Monday, September 10, 2012

Three State trip on the Natchez Trace Parkway

We got up this morning and headed out on a three state trip.  We started out on the Natchez Trace in Tennessee and took a side trip on the Old Natchez Trace.   Very narrow and tranquil.

The early interstate road building venture produced a snake infested, mosquito beset, robber haunted, Indian traveled forest path.  When the trail became to water bogged that wagons could not be pulled through, travelers cut new paths through the nearby woods.  Here we saw three cuts made to avoid mud into which the oxcarts and wagons sunk making progress slow or impossible.  You can just imagine how deep these were back in the day. There were three trails cut  not 3 feet between then here. 
Went into Alabama

over the Tennessee River.

Colbert Stand
George Colbert operated a ferry that crossed the Tennessee River from 1800 to 1819.  His stand or inn offered travelers a warm meal and shelter during their journey on the Old Trace.  Colbert looked after his own well-being and once charged Andrew Jackson $75,000 to ferry his Tennessee army across the river..  That was a whole lot of money back in the day.  The stand would have been located in the inlet you can see in the pic above.  We are on the bridge.
This is the bridge we were just on to cross the Tennessee River.
Another state line into Mississippi to the visitor center for the Natchez Trace to get my stamp in my book. Done Done Done
  Bear Creek Mounds    According to people in the "know"  there were peoples here 1000's of years ago that built temples to house there religious artifacts and this mound was the base for that temple,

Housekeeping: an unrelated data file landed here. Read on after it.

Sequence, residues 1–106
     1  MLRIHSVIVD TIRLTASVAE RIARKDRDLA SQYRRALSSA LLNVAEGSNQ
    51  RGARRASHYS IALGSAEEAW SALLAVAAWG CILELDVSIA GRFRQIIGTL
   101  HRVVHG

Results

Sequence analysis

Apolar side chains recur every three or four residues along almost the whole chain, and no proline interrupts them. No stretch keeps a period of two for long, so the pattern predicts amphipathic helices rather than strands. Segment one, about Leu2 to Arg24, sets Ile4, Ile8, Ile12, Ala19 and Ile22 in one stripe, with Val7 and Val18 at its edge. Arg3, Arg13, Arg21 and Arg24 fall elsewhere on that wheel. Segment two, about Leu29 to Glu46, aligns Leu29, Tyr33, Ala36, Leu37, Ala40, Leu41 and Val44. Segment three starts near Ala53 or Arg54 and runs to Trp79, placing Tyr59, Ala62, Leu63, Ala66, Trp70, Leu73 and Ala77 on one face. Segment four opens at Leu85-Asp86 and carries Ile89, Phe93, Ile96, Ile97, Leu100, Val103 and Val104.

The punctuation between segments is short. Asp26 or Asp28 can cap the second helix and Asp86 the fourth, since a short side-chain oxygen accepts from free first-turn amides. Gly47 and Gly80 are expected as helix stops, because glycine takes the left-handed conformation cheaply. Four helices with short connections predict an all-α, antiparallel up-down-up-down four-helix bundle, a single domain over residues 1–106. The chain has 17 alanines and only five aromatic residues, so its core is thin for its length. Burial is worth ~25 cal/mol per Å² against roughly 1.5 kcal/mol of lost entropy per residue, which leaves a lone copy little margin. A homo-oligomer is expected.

This is a spring that dissolved the limestone around it and produced this cave.  They figure the Indians came for the water and rock
This is part of the cave formation.  They figured the limestone dissolved underground causing the ground to collapses into itself. causing a sink hole.  This happens a lot in areas where limestone is prevalent.
For the life of me I can not remember the name of this river, but they built locks so ships could travel up river from New Orleans 400 + miles.
Our last stop of the day was at Shiloh, a Civil War battle was fought here.
This is the National Cemetery.  So many died here and time was of the essence so all were buried on the battle field.  I was sitting in the visitor center when an elderly lady came in and ask if they could help her locate the grave of her grandfather.  They said yes looked things up on the computer and found that her grandfather did die here in this battle, but that he was in an unmarked grave.  She said that 2/3 of the dead were buried in unmarked graves.  She said her grandfather was a union soldier and she could locate the regiment he was in and the location of that regiment when they were here at Shiloh so the lady could drive to the location where he may have died.  I had to leave before all of that information was found out. 

John Clem, above, served as a drummer boy at Shiloh at 10 years of age; one of the youngest participants in the battle.  He retired from the army as a major general not at age 10, but much older.


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